Indian courts must deliver lucid judgment to remove differentiation between marital rape and rape itself

Representational image. Wikimedia Commons

The court also approached the charges of unnatural sex under the petition – it allowed the initiation of criminal proceedings for unnatural sex, but, in the order, it quashed the section against the man because "except sexual perversions of sodomy, buggery and beastiality, all other sexual perversions, would not fall within the sweep of section 377 of IPC." The high court also directed the police to add sections for sexual harassment and domestic violence under section 498A of the IPC, but it did so while recognising that the extant law does not provide equal protection against rape, and by making a public/private distinction, it perpetuates a barrier to justice that married women may already face in marriages.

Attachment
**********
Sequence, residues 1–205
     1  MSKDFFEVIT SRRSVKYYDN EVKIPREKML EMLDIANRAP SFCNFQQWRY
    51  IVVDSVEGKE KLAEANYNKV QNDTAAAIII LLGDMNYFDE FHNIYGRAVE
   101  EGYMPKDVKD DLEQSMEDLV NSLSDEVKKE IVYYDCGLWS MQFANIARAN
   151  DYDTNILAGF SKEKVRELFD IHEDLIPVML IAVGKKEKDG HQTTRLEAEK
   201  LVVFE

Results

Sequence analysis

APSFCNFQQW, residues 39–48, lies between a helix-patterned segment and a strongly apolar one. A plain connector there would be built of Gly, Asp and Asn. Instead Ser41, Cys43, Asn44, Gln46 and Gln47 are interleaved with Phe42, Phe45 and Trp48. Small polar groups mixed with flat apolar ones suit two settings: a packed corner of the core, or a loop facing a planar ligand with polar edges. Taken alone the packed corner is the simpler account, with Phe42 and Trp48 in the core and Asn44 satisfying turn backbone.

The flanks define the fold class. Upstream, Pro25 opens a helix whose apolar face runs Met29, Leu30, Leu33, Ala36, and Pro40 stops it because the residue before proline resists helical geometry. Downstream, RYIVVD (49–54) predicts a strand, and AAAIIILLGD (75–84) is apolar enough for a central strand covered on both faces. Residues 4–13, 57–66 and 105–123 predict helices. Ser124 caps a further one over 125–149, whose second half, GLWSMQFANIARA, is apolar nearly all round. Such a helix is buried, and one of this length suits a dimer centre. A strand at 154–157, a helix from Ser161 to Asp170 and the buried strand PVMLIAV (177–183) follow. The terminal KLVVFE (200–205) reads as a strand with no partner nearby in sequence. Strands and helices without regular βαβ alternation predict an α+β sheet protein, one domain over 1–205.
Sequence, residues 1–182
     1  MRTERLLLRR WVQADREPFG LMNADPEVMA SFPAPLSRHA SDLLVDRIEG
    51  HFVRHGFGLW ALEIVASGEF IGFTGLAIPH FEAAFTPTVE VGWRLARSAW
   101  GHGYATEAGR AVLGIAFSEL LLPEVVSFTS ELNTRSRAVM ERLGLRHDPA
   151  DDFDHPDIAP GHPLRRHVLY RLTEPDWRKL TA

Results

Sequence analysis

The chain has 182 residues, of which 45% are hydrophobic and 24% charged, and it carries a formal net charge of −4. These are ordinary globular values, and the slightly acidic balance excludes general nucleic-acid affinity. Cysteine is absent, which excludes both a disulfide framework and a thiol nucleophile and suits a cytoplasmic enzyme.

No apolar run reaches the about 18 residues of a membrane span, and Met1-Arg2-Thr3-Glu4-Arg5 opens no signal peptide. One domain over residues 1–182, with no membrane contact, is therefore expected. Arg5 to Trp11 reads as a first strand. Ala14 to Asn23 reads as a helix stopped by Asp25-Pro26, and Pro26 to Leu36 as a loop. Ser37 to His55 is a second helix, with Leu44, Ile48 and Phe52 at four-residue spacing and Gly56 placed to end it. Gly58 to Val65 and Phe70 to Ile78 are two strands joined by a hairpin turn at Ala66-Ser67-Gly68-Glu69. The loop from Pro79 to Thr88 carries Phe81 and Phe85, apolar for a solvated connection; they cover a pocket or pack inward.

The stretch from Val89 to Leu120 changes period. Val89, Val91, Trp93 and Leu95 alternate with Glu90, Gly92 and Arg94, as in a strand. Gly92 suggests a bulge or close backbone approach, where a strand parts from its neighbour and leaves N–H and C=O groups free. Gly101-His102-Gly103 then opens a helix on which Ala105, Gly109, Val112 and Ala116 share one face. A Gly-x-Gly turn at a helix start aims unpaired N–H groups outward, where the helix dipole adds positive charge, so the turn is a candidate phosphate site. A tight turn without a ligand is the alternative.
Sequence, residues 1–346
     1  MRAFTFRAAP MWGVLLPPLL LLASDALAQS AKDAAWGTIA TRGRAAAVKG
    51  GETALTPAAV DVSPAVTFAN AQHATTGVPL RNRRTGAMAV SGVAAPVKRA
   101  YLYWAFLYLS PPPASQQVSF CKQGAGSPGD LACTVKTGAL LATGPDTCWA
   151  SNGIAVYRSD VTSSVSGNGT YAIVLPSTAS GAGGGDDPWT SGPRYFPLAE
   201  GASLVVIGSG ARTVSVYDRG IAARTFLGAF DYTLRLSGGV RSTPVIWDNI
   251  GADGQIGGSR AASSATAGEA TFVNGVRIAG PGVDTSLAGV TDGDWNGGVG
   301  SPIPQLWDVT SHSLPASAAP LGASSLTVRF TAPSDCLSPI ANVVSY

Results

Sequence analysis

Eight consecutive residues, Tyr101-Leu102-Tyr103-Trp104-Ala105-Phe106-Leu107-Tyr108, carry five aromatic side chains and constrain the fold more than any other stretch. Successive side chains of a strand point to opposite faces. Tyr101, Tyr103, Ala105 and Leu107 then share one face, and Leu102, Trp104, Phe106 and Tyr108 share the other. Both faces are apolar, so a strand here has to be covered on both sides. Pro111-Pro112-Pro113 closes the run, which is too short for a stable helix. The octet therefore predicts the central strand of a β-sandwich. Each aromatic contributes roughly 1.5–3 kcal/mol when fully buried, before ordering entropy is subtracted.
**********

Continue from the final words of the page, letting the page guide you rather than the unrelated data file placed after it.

We have had several public opinions on marital rape, without really understanding the core issue of women’s rights in a matrimonial relationship. In 2016, Maneka Gandhi, the Union Minister for Women and Child Development, put out that marital rape is a Western concept and does not fit into the cultural context of India. Haribhai Parthibhai Chaudhary, the Minister of State for Home Affairs, stated that, "[T]he concept of marital rape as understood internationally cannot be suitably applied in the Indian context due to various factors like level of education/illiteracy, poverty, myriad social customs and values, religious beliefs [and the] mindset of the society to treat the marriage as a sacrament.” In 2013, when the anti-rape bill was being discussed in the Lok Sabha, Sumitra Mahajan, a BJP MP, observed that, "Marital rape shouldn’t be made into a criminal offence…Things like these should be sorted out within the family or by counselling. There is no need for a law."